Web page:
I know that ministers are committed to delivering a Deposit Return Scheme (DRS) as quickly and effectively as possible to boost recycling, tackle plastic pollution and reduce litter.
The aim of public consultations is to test policy proposals for their effectiveness and value for money. Regarding the consultation on Packaging and Packaging Waste: Introducing Extended Producer Responsibility (EPR), I am aware that England and Northern Ireland will not include glass in their DRS. Responses to the consultation and engagement with stakeholders raised concerns over the inclusion of glass, particularly over the way glass is collected in reverse vending machines (RVMs). I understand that there is the possibility of glass being crushed and mixed with different types of glass, ultimately resulting in poorer quality glass collected for re-melt than is currently collected through existing kerbside recycling streams.
Further, respondents also highlighted the increase in handling costs and equipment complexity that comes from collecting glass bottles in a DRS. RVMs will need to be emptied more frequently and will carry additional safety risks associated with handling broken glass in retail environments. For retailers offering a manual take-back service, glass bottles will require more space to store safely with disproportionate impacts on small retailers. The weight of glass and the potential for breakages also poses consumer health and safety risks over transporting heavy glass bottles to return points.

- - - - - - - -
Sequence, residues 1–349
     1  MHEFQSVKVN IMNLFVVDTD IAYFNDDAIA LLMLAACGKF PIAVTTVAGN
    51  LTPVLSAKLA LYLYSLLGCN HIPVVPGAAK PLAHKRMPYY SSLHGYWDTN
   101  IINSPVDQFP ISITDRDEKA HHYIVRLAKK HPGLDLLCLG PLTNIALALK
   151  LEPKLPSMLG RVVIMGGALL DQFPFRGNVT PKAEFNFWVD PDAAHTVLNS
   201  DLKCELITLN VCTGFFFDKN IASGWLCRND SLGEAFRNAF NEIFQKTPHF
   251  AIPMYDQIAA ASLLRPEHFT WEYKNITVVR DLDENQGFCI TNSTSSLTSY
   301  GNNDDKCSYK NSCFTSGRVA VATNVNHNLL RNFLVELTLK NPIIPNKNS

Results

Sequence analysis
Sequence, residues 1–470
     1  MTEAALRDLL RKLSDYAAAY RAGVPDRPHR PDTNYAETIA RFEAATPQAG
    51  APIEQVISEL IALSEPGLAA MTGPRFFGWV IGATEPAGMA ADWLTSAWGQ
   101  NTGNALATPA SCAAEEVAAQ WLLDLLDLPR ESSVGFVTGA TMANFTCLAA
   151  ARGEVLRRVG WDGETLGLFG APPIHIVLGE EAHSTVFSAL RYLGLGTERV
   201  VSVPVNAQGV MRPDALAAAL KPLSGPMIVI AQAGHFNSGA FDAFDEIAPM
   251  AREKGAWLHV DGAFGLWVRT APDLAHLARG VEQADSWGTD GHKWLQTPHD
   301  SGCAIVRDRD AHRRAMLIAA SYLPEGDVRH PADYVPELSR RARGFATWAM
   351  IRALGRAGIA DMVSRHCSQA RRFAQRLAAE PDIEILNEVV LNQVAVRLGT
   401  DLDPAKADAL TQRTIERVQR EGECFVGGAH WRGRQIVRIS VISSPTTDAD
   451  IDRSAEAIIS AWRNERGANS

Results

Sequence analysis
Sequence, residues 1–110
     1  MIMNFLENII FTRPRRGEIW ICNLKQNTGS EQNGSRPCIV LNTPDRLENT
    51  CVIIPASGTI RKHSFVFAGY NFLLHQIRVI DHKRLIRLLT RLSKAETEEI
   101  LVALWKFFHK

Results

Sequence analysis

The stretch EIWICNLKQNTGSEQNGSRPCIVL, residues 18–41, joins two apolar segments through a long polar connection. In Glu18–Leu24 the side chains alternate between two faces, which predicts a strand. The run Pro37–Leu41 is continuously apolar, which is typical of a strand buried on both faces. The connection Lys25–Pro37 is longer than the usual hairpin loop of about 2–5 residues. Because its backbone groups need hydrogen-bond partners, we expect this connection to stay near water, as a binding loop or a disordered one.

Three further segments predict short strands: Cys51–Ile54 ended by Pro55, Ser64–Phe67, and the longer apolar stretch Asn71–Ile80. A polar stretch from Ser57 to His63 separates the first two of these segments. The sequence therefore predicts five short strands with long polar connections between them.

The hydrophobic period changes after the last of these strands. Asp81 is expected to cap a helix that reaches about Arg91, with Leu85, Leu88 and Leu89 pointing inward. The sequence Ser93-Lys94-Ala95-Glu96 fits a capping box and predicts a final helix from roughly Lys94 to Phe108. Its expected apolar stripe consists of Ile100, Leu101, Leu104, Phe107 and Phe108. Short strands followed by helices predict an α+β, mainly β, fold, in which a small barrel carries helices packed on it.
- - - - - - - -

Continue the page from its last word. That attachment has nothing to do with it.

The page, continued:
However, I know that glass drinks bottles will be in the scope of EPR, which will place targets on producers in relation to glass recycling and require them to pay for the cost of managing glass packaging by households. I know that the Department for Environment, Food and Rural Affairs is working closely with industry and stakeholders on packaging reforms, and their feedback will be considered when the next steps are published soon.